Posted by: yknpdlr on Mar-14-13 10:28 PM (EST)
-- Last Updated: Mar-14-13 10:42 PM EST --
Glenn said: "As a "bow jam" or "bow wedge" it is the quickest and most violent way to turn the canoe to the off-side. It is particularly useful to go around sharp curves in twisty streams."
I started paddling the Adirondack 90-Miler as a bow paddler in a long skinny voyageur canoe. A particularly winding portion 2.5 miles through a narrow stream is known as Brown's Tract. You either love it or hate it.
A voyageur bow paddler is in a far better position to set-up and initiate sharp turns than the stern paddler, and success is definitely a crew effort to power through a smoothly carved arc. A moving power draw by the bow paddler is effective to maintain speed around moderately sharp curves. But turn after turn can get tiring.
Although no one told me how to do it, by experiment I discovered the bow jam and learned it could really whip us around the sharpest turns, though at the cost of some speed (maintaining power for speed is what everyone behind me is for). The jam can be done either on-side or cross-bow. We found we could easily out maneuver and out speed most other boats on the course, even those who had previously passed us on the lakes, with a good track setting up for efficiently carved turns in Brown's. I carried a long shaft sturdy wood blade just for doing bow jams in Brown's, as I worried about the heavy jam's powerful stress on my expensive graphite bent shaft. Doing Brown's is tremendous fun, no matter what boat I am in Brown's is easily my favorite section of the 90.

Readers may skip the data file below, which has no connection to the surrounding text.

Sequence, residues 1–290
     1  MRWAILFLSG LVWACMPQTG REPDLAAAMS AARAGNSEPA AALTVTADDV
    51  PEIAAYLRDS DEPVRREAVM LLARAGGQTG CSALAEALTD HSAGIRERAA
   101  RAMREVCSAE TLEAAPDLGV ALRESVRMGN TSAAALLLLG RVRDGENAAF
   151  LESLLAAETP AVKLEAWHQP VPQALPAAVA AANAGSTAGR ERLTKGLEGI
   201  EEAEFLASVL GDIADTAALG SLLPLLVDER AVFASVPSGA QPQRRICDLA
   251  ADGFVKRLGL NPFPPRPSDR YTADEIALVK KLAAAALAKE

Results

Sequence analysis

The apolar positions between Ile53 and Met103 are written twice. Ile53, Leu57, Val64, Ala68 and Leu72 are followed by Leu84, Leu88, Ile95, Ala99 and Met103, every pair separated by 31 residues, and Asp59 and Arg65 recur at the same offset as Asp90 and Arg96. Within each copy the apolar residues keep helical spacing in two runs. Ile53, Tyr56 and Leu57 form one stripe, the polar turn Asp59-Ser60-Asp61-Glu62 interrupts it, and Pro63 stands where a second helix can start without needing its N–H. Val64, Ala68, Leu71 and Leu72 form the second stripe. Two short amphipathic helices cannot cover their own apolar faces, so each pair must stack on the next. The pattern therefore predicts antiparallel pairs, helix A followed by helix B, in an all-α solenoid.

Deck Rigging Gear
Wall Mount Boat Racks
URCHIN Portable Anchor
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